3rd January 2020
There have been several reports over the past month suggesting that landlords have begun to increase their rents by as much as 22% since May. These same reports say that the hikes are due to the recent Tenant Fee Ban, but could there be other factors also in play?
Since the introduction of the Tenant Fee Ban earlier this summer, landlords all over the UK have been thrown into disarray due to a huge drop in income – the Ban has meant that landlords can no longer charge new tenants any upfront fees for services such as inventories and administrative costs, and this has led to a massive fall in income of up to 30% in some cases.
The fallout became apparent in June, where reports show a significant increase in rents following the Ban – a pattern which we also saw in Scotland when their Ban came into force earlier in the year.
Seeing the results from Scotland, Government made efforts to warn landlords not to increase rents, but look at other ways to increase income. But with the added pressure of changes to Section 21, and changes in demand for housing, the industry as a whole is being forced to raise rents in order to evolve and survive the upheaval within the property sector.
Other factors in rising rents
All of the changes in the industry, a combination of the Fees Ban, Section 21, and general cost increases, have come together to put pressure onto landlords, and we have seen a decrease in the number of landlords investing in new properties. Many letting agents have reported a drop in the number of managed properties on their books, and it’s not yet certain whether this is due to landlords saving costs by trying to manage the properties themselves, or whether they are simply ‘cutting their losses’ and selling up.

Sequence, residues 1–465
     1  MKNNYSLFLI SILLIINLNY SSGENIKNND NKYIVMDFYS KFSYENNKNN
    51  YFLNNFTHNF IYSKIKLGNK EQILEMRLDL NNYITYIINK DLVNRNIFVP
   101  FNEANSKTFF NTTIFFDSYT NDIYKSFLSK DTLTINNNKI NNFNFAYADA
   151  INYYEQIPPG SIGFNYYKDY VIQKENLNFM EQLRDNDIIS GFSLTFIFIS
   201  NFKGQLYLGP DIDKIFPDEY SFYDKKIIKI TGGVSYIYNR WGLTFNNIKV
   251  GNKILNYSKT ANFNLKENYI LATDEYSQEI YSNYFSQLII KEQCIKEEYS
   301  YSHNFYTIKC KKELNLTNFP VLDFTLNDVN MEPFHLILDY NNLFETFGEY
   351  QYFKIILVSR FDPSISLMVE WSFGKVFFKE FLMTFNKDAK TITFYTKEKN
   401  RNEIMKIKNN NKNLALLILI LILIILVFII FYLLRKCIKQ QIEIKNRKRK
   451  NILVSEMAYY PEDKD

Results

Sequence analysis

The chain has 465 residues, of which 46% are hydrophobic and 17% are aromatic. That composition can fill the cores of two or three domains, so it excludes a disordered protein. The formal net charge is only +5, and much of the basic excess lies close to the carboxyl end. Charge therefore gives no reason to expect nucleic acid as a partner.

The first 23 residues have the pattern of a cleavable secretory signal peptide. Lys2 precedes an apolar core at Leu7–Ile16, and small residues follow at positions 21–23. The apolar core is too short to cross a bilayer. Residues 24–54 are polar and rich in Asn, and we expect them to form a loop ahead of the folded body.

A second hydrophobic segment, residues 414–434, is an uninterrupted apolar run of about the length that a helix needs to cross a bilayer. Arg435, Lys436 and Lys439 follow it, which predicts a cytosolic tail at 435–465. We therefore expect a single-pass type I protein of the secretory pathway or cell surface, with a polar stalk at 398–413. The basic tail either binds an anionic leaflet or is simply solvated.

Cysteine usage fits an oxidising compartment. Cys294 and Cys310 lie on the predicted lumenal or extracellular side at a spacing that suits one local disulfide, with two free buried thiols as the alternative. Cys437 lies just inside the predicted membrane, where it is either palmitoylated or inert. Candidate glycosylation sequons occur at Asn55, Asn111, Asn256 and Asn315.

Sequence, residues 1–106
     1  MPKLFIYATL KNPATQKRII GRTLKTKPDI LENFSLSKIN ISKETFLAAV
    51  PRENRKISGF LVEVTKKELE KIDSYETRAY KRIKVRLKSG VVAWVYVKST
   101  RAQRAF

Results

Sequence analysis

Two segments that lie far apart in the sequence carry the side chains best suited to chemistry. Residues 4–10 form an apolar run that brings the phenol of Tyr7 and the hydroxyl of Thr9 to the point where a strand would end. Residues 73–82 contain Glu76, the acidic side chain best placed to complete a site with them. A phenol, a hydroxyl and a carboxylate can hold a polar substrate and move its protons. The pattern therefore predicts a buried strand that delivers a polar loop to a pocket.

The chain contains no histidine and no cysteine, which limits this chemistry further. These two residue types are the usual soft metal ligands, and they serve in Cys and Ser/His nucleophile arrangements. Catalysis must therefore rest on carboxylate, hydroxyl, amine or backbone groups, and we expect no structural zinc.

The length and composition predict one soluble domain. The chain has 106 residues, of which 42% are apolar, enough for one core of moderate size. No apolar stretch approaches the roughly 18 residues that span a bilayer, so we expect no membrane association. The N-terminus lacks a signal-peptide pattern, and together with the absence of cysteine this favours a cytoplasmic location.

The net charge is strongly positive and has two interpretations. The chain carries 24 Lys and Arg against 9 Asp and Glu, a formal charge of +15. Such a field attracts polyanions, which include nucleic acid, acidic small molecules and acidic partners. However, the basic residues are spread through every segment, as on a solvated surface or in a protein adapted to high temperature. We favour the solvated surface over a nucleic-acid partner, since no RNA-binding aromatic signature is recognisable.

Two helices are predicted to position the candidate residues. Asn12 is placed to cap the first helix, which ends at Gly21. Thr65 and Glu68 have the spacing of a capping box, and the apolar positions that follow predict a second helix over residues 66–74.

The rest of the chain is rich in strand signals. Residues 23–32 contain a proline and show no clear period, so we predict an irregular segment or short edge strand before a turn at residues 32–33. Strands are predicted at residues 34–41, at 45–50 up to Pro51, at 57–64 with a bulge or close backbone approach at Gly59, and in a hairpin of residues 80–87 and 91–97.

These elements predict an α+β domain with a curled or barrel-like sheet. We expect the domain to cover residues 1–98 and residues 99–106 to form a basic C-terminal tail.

If there are, as predicted, less rental properties on the market over the coming years, the increase in demand for them will also mean that landlords and agents can secure those higher rents, because there is likely to be much more competition, especially in those more sought after areas, where people are not able to afford to buy on a mortgage.
Despite all the odds, though, it does seem that the majority of landlords and agents are optimistic about the future of the lettings industry.
The property sector, especially lettings, has always had the ability to ‘roll with the punches’, and adapt – perhaps because changes are so frequent that we have all come to expect it and learned to evolve more readily than other industries.
There will always be a need for good housing in the UK, and it looks like for the foreseeable future, there will be a rising demand for rental properties, and as long as landlords and agents can continue to work together to improve the property market and keep up the excellent standards that tenants have come to expect, then despite rising rents, they will seek out properties knowing that they are still getting value for money.
The Future of Lettings
There is an upside to all of these changes – because those landlords who stay the course will be the ones who can offer a higher standard of accommodation, can keep up with legislation in order to keep tenants safe and the property in good repair. In short, it may be, in the long term, a way to shake up the industry in order to bring it up to the standard we’ve all come to expect.